Author + information
- Received February 2, 2009
- Revision received May 18, 2009
- Accepted June 2, 2009
- Published online September 15, 2009.
- Ron Blankstein, MD⁎,†,⁎ (, )
- Leon D. Shturman, MD⁎,
- Ian S. Rogers, MD, MBA⁎,
- Jose A. Rocha-Filho, MD⁎,
- David R. Okada, MD⁎,
- Ammar Sarwar, MD⁎,
- Anand V. Soni, MD⁎,
- Hiram Bezerra, MD⁎,‡,
- Brian B. Ghoshhajra, MD, MBA⁎,
- Milena Petranovic, MD⁎,
- Ricardo Loureiro, MD⁎,
- Gudrun Feuchtner, MD⁎,§,
- Henry Gewirtz, MD⁎,
- Udo Hoffmann, MD, MPH⁎,
- Wilfred S. Mamuya, MD, PhD⁎∥,
- Thomas J. Brady, MD⁎ and
- Ricardo C. Cury, MD⁎,¶
- ↵⁎Reprint requests and correspondence:
Dr. Ron Blankstein, Cardiac MR PET CT Program, Department of Radiology and Division of Cardiology, Massachusetts General Hospital, 165 Cambridge Street, Suite 400, Boston, Massachusetts 02114
Objectives This study sought to determine the feasibility of performing a comprehensive cardiac computed tomographic (CT) examination incorporating stress and rest myocardial perfusion imaging together with coronary computed tomography angiography (CTA).
Background Although cardiac CT can identify coronary stenosis, very little data exist on the ability to detect stress-induced myocardial perfusion defects in humans.
Methods Thirty-four patients who had a nuclear stress test and invasive angiography were included in the study. Dual-source computed tomography (DSCT) was performed as follows: 1) stress CT: contrast-enhanced scan during adenosine infusion; 2) rest CT: contrast-enhanced scan using prospective triggering; and 3) delayed scan: acquired 7 min after rest CT. Images for CTA, computed tomography perfusion (CTP), and single-photon emission computed tomography (SPECT) were each read by 2 independent blinded readers.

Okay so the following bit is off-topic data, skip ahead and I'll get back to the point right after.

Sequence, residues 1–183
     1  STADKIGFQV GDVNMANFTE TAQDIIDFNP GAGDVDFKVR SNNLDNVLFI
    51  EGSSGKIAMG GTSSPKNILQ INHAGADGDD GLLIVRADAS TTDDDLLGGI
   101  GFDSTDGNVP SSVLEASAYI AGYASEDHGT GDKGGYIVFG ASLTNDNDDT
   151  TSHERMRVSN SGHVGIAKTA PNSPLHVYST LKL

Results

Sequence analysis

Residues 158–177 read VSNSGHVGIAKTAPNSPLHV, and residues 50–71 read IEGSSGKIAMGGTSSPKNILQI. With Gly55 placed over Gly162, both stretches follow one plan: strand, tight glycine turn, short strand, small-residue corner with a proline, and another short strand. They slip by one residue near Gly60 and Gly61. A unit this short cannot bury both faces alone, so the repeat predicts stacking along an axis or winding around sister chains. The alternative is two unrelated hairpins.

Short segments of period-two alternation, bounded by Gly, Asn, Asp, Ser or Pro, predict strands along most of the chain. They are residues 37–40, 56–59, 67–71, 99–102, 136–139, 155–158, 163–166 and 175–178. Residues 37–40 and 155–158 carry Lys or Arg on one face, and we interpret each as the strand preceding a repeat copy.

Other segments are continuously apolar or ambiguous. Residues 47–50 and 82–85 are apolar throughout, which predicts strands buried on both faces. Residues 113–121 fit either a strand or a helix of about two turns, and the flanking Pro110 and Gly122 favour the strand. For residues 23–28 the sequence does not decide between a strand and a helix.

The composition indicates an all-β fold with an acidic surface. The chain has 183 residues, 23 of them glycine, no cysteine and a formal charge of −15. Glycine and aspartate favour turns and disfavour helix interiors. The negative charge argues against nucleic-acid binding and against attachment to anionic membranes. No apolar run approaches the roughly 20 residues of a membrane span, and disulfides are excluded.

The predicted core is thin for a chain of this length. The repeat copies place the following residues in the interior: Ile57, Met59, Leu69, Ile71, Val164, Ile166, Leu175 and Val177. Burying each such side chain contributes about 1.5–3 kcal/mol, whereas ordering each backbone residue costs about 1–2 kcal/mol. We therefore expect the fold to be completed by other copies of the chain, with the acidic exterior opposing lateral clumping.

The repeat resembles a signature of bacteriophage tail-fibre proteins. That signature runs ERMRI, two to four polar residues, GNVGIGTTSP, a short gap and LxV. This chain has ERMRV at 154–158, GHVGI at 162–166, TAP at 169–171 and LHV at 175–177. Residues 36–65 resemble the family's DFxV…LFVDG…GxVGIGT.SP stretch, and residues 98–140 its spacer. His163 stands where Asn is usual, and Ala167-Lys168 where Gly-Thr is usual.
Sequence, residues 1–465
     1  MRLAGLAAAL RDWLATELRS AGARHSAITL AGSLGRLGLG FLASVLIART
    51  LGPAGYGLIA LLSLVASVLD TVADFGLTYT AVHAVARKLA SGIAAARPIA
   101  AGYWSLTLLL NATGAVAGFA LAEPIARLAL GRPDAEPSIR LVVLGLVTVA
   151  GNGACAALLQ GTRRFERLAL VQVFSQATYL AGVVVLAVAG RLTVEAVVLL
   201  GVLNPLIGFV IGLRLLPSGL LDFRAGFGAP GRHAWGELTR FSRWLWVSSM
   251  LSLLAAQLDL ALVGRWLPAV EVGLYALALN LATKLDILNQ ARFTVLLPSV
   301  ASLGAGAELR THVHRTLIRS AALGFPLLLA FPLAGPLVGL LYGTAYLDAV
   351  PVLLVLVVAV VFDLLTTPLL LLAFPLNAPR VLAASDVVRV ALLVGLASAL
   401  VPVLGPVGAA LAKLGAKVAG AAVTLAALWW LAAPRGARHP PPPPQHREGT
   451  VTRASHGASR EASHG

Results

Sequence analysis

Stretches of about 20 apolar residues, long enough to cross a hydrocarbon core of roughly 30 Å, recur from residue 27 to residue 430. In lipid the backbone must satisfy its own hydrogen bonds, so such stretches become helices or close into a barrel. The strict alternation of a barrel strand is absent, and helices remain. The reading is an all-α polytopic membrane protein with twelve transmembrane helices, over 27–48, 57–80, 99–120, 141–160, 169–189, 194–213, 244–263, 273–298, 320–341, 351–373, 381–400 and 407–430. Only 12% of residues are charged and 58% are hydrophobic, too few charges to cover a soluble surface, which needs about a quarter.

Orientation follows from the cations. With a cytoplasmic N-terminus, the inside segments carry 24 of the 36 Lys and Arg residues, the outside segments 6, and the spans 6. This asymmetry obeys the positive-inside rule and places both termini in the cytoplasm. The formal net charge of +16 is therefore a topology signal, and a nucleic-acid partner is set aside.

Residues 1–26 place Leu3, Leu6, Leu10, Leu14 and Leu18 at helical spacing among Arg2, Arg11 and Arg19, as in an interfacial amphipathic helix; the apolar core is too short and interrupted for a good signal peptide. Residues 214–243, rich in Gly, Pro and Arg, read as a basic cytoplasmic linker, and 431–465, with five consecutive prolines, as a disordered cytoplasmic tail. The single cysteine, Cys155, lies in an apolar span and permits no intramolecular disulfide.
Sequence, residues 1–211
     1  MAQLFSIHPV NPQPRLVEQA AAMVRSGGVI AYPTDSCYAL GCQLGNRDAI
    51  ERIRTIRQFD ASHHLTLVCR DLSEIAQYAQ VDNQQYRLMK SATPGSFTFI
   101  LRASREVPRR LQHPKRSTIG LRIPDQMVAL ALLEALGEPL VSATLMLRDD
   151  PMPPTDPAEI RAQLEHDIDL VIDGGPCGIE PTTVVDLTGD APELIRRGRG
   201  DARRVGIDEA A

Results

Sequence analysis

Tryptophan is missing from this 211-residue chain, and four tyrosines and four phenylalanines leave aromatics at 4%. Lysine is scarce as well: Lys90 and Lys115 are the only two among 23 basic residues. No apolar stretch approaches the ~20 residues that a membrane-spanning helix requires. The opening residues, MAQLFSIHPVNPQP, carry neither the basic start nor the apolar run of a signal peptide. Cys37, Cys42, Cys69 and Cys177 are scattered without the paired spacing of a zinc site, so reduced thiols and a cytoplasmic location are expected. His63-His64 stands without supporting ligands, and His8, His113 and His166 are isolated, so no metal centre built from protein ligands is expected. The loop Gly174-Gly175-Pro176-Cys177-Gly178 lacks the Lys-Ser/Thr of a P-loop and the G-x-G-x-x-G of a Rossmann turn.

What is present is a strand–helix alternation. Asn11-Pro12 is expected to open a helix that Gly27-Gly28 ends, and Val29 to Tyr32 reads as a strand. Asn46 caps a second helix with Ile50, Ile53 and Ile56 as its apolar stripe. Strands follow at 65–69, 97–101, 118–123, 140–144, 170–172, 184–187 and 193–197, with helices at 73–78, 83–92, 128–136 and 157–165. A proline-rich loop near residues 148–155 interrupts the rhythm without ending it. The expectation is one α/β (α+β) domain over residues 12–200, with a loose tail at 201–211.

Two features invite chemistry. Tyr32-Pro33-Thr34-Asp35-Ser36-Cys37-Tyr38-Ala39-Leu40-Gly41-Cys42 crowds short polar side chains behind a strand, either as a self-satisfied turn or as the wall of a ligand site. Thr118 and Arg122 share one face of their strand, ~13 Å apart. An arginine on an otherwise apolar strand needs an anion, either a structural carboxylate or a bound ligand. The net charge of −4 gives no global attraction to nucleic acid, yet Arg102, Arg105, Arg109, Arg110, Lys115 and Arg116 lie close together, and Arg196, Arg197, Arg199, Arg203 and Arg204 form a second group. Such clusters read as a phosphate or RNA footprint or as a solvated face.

Results The DSCT protocol was successfully completed for 33 of 34 subjects (average age 61.4 ± 10.7 years; 82% male; body mass index 30.4 ± 5 kg/m2) with an average radiation dose of 12.7 mSv. On a per-vessel basis, CTP alone had a sensitivity of 79% and a specificity of 80% for the detection of stenosis ≥50%, whereas SPECT myocardial perfusion imaging had a sensitivity of 67% and a specificity of 83%. For the detection of vessels with ≥50% stenosis with a corresponding SPECT perfusion abnormality, CTP had a sensitivity of 93% and a specificity of 74%. The CTA during adenosine infusion had a per-vessel sensitivity of 96%, specificity of 73%, and negative predictive value of 98% for the detection of stenosis ≥70%.
Conclusions Adenosine stress CT can identify stress-induced myocardial perfusion defects with diagnostic accuracy comparable to SPECT, with similar radiation dose and with the advantage of providing information on coronary stenosis.
This study was supported in part by a grant from Astellas, Inc. Drs. Blankstein, Shturman, Rogers, and Soni have received support from National Institutes of Health grant 1T32 HL076136. Dr. Hoffmann has received research grants from GE Healthcare, Bracco Diagnostics, and Bayer Healthcare. Dr. Cury has received research grant support from Astellas Pharma, Inc.
- Received February 2, 2009.
- Revision received May 18, 2009.
- Accepted June 2, 2009.
- American College of Cardiology Foundation